Some people go to nightclubs to get drunk and make reckless decisions, some people go to take photos, get drunk and make reckless decisions. Parker Hilton is of the second variety. His photo series, Rum Therapy, is a visual chronicle of these nighttime excursins. The series reaches deeper than typical party photography, it’s not people posing and smiling for the camera, it’s candid shots that exposes the raw, sometimes just uncomfortable nature of nightlife. Parker put’s it in to perspective quite elegantly with his artist statement.
Through much of my adult life, frequenting nightclubs and dive bars has become a way of coping with my own insecurities and perceived shortcomings. This tendency, to drown out personal difficulties with whatever vice is most readily available, has become a recurring pattern. However, any reprieve from hardship is short-lived, being written off as a fool’s errand. In the morning, the inevitable regrets, consequences, and hangovers set in, and the temporarily shelved anxieties and insecurities resume. Upon recognizing my frivolous attempts to supersede reality with hedonism, I have begun to notice a similar plight in others. This escapist world, comprised of a false emotional sanctuary, takes the form of a close-knit community — yet upon closer inspection, it is one that has been built upon teetering pillars of personal insecurities and apprehension.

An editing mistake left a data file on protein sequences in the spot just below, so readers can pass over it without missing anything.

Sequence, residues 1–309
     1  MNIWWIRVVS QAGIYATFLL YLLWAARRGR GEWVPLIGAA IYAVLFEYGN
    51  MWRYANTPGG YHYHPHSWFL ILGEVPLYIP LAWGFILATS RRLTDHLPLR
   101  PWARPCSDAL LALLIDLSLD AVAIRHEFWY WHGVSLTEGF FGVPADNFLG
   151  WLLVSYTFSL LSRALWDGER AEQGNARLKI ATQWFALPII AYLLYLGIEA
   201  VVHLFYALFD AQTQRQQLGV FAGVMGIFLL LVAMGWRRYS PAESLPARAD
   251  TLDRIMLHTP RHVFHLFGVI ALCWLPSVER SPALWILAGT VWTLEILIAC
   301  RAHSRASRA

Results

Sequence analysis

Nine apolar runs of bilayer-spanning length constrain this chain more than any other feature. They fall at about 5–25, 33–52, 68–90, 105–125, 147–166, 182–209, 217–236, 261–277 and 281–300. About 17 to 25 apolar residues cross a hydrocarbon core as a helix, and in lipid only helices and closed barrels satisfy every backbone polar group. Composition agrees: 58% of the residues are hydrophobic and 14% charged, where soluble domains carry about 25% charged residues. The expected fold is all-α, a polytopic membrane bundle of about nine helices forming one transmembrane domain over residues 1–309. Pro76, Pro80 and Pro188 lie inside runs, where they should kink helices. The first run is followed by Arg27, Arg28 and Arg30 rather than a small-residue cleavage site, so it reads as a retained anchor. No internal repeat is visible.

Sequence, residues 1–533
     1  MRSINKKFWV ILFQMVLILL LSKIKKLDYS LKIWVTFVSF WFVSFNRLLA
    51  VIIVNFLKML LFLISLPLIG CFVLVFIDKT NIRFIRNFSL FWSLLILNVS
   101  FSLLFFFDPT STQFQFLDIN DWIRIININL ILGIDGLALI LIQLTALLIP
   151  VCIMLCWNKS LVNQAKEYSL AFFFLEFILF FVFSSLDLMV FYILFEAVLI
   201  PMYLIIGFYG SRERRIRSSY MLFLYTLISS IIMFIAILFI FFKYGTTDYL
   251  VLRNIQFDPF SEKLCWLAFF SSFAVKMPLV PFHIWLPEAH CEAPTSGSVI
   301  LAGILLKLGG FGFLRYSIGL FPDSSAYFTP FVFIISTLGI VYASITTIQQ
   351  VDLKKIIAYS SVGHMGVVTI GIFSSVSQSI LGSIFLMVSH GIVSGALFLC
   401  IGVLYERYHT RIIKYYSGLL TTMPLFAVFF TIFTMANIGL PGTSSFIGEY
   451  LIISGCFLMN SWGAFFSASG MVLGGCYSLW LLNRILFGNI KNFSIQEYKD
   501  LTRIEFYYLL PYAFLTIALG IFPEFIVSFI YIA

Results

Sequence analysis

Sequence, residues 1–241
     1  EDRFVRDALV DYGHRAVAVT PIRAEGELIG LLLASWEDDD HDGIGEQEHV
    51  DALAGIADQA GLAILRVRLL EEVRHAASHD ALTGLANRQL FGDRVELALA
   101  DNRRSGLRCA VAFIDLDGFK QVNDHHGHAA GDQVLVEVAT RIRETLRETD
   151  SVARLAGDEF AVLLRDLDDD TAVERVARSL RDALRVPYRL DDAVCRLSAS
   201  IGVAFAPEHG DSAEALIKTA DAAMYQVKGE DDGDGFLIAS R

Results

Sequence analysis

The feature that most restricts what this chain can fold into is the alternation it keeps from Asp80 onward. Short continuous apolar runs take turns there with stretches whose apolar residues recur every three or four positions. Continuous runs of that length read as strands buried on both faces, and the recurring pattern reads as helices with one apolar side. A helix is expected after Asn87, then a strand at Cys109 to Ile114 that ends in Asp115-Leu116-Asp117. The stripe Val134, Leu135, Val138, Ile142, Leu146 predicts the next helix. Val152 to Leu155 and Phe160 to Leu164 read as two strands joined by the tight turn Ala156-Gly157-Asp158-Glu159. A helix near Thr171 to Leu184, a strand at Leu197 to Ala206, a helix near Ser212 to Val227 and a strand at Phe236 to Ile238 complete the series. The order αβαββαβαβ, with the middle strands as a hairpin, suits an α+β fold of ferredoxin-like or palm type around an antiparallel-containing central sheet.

Without further ado, a selection of images from Rum Therapy, also featured in Theory Issue One.
View more of Parker’s work on his website, Parkerhilton.com.